8. I resigned from my last position (in another state) to move with my wife who is attending school full time (college). Am I eligble for unemployment while looking for work?

  9. I apply unemployment I said I took the assessment test. I took it the last time I was on unemployment is that one still good. You can also call me at Thanks!

    • This is a public website – please do not post personal information. This is not the unemployment office. If by assessment test, you are talking about job search type services it may depend on how long ago the last time was.

  10. My current boss of 17 years is selling our practice. The potential buyers have agreed to keep us on staff for 6 months, however they are only offering us half our long term wages. Would we qualify for unemployment due to such a large pay loss?

    • The company I work for was sold and they are offering the severance package for those will not move to the new employer, this the new employer building is twenty miles far from our actual building and twenty seven miles from my house, they are offering position in the new company but the salary is very low comparing what I get now. Do I qualify for unemployment.

    • Sounds likely – but in addition to such a drastic reduction in pay are there reductions to your responsibilities? Until it happens no one can give you a firm answer as they need facts to do that.

  11. The company has advise me that there is no work yet they haven’t told me whether or not I been laid off or fired, so what do I do I’m going on two weeks with out pay?

    • Call the unemployment office to initiate a claim, ask if they would back date it to your very last day worked or possibly before if your hours were lower than usual. Do your best to preserve a good relationship with the employer, perhaps they will give you a date of recall – try to get it in writing.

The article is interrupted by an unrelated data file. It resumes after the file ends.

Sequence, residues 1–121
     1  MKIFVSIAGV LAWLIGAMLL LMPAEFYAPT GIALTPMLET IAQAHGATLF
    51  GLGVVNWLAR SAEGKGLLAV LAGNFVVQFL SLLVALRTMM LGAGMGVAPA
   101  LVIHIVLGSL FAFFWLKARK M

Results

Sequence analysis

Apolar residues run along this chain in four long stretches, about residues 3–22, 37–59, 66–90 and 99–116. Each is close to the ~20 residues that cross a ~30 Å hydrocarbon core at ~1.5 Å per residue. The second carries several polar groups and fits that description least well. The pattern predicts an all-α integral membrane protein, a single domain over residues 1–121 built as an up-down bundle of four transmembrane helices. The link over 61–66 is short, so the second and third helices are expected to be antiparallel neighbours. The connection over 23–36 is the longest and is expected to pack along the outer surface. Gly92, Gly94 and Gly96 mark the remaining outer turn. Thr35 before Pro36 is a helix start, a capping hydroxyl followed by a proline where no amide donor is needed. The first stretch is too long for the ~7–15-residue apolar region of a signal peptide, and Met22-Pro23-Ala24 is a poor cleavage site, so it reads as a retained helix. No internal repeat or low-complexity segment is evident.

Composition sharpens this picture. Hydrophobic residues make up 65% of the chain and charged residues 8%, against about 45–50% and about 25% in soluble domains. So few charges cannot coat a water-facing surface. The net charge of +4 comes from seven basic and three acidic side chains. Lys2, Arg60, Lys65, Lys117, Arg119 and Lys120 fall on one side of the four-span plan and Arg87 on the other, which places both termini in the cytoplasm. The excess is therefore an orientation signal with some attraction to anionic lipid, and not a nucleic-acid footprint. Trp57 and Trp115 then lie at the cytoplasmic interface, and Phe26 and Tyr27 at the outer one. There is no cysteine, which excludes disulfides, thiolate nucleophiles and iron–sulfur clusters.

12. I moved from Tennessee to Florida for a job. After 1 month, I was laid off from the Florida job. I applied for unemployment benefits in Florida but was told I hadn’t worked long enough in Florida so I should file for unemployment benefits in Tennessee. Will I be able to apply in Tennessee even though I live and was laid off in Florida?

    • Yes and since you had some earnings in Florida, I am surprised they did not allow you to file there… Perhaps it is because you have no earnings in Florida in your base year.

  13. Military spouse, relocating to Florida in 2 months. I am currently full time employed in the state of WA. Due to our military relocation I will be unemployed after Oct. 11, 2013. Will I be eligible for compensation when we arrive in Florida?

  14. I was hired 7 years ago as a homeworker. The company was sold to AFS almost 3 years ago. They “grandfathered” the homeworkers into the company and suddenly in the past 3 months, they have began to “spueeze” us to come into the office to work. We have been told by our Operations Manager that our jobs will be going to India very soon and that only a select few will be maintained in the Oldsmar office. Most of us took the work from home position because we have flexible hours and can take care of elderly parents and children. If the companies changes do not allow us to continue our work, what are our options? Will we still be eligible for unemployment benefits? We are not quitting, but are being placed in a difficult position because the company is making changes to something they “grandfathered” in for us. Please help. There is a group of 13 of us who do not know what to do and need money until we can find another job. thank you.

    • Hi Susan,

      Unemployment can kick in when you are laid off. If the company dismisses you as they plan on outsourcing, there are chances to receive unemployment compensation.

  15. I wanted to know if a person is eligible for unemployment compensation if your scheduled hours per week have been cut in half?

    • Hi Linda,

      Yes, if a person’s working hours have been cut significantly, he or she is eligible to receive partial unemployment pay. Please note that this person will have to pass other eligibility requirements as well.